• Paying your bill early in billing cycles to allow time for delays or issues
  • Ensuring your checking account has sufficient funds on payment dates to avoid bounced payments
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Late fees provide hassle and unnecessary costs. Fortunately they are easily avoided through account alerts and autopay enrollment.

Withdrawing Cash Advances

Cash advances let you obtain cash instantly through ATMs with your card. However, fees and high interest charges make them very expensive.

Avoid cash advances by:

  • Tapping existing savings or student loans instead if extra cash is suddenly needed
  • Using cards solely for planned purchases you can repay, not as makeshift ATMs
  • Removing cards from digital wallets that enable push transfers to checking accounts tied to cash advances
  • Asking the issuer to lower cash advance limits when available credit is very high

Cash advances provide temporary relief but long-term pain. Have backup savings for cash flow emergencies.

Applying for Too Many Student Cards

Opening many student cards simultaneously dings your credit with multiple hard inquiries and lowers average account age.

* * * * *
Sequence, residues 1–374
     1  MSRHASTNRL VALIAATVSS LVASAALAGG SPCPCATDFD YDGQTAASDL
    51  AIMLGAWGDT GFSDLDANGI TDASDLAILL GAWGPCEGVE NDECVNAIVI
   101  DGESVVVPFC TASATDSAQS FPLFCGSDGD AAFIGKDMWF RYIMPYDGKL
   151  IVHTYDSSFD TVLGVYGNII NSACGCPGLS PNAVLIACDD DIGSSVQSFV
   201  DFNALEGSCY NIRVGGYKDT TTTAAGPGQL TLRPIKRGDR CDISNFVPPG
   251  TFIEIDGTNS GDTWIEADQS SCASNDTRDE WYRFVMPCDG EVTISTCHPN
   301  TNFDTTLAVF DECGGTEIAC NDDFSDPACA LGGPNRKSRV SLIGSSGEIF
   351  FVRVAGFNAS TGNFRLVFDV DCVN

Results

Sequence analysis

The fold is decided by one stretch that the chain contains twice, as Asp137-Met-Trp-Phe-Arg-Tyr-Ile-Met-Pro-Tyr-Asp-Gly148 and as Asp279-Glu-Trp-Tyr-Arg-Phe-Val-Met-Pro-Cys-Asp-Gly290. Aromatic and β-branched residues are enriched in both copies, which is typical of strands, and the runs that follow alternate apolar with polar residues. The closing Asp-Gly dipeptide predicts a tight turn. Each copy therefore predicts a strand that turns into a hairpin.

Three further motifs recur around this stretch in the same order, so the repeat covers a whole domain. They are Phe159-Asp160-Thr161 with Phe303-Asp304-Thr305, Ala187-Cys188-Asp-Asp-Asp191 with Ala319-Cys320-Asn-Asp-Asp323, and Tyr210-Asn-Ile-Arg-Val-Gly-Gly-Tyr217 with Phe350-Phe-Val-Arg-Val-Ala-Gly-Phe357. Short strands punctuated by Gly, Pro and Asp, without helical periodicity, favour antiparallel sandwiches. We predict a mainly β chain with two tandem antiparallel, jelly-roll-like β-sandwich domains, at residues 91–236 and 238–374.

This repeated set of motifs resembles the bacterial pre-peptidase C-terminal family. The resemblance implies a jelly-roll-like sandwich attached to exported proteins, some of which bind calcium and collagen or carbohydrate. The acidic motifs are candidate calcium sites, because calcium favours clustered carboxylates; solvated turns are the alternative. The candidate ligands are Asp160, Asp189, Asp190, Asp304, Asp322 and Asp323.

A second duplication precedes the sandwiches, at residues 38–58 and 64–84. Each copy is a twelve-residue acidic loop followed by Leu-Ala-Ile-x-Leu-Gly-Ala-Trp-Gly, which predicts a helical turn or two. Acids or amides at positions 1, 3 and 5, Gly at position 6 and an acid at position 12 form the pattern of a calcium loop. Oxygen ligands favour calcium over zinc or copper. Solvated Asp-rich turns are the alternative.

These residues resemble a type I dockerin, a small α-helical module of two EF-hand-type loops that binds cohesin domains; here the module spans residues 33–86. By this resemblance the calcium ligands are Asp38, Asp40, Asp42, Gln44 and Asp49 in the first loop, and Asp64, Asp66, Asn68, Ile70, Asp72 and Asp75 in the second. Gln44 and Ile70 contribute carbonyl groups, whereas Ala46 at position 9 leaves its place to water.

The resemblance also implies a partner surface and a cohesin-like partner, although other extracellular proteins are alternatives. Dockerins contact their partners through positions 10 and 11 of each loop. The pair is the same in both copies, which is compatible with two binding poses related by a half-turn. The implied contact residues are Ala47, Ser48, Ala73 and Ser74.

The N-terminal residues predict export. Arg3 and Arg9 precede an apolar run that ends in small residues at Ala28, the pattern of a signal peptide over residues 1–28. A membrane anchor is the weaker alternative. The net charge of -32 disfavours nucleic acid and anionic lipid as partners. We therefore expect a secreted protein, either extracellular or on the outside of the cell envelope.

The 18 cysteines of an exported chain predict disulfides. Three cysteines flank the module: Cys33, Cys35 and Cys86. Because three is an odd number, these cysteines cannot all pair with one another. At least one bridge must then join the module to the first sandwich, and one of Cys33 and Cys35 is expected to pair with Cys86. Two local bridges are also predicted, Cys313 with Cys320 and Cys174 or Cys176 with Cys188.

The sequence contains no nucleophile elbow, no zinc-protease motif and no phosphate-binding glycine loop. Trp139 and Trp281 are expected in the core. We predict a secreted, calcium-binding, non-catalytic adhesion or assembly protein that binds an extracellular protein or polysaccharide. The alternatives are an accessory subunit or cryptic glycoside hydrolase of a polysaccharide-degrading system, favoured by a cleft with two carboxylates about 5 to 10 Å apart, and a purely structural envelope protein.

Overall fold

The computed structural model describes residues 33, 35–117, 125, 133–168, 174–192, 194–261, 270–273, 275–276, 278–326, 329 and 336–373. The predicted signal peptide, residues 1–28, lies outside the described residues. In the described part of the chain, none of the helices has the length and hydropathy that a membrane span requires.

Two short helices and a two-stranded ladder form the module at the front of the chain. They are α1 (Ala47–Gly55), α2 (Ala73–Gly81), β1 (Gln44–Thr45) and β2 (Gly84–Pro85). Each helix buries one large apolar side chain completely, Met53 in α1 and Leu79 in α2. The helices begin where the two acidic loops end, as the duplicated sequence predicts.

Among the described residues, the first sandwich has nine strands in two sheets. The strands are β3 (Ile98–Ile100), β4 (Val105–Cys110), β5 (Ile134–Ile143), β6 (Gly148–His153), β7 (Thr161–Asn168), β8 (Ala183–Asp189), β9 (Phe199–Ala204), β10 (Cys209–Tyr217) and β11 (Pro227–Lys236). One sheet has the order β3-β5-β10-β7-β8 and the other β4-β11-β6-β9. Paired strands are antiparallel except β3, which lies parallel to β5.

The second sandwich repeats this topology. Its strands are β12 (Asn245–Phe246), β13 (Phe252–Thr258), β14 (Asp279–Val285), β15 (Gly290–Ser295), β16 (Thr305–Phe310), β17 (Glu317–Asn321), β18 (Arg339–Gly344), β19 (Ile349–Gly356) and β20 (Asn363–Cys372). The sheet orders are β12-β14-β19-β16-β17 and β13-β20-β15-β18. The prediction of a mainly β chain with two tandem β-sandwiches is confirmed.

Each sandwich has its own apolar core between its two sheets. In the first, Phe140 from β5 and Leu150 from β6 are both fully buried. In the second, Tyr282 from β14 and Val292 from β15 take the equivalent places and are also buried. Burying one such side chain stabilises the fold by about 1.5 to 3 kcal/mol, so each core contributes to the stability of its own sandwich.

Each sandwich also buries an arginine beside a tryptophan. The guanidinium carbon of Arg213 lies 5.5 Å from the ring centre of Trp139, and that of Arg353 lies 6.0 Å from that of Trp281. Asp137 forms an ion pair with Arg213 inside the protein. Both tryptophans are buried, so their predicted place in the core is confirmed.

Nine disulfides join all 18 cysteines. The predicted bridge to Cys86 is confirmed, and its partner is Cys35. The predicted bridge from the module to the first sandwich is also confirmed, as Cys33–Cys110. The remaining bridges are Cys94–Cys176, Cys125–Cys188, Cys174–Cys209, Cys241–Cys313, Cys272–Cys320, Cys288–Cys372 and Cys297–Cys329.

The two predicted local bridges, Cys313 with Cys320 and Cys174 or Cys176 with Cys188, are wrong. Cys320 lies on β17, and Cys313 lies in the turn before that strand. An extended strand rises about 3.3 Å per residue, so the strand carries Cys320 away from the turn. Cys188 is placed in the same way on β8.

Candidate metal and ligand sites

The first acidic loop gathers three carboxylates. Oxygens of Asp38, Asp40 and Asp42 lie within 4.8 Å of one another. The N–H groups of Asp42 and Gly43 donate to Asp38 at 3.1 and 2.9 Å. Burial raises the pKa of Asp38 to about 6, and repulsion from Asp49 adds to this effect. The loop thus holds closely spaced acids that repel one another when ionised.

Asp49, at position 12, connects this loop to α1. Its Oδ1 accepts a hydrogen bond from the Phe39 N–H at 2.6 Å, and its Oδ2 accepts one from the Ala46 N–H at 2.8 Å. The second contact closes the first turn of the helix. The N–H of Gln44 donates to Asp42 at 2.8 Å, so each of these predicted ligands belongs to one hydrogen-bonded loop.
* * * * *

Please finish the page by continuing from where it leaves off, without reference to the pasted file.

Avoid this by:

  • Only applying for one starter student card at a time
  • Waiting at least 6 months before applying for any additional cards
  • Closing old or unused student accounts before obtaining new ones
  • Prioritizing spending on one or two primary student cards
  • Saying no to on-campus representatives pushing card applications

Pace credit applications over time as your profile develops to minimize score impacts.

Accepting Credit Limit Increases Too Quickly

As you demonstrate responsible usage, issuers may offer higher credit limits. Don’t blindly accept increases without evaluating need.

Instead, consider:

  • Whether your income and budget justify charging more each month now
  • The impact on your credit utilization ratio – avoid lowering it substantially
  • Upcoming large purchases like study abroad programs requiring more available credit
  • Whether to split available credit among multiple cards or consolidate onto one card
  • Setbacks that could make an increased limit riskier like changing student status or loans

Be cautious about quickly accepting higher limits to avoid overspending temptation. Align increases with financial growth.

Not Monitoring Monthly Statements

Letting charges sit unreviewed invites problems. Failing to inspect statements routinely leads to missed fraudulent activity, incorrect fees, and poor spending habits.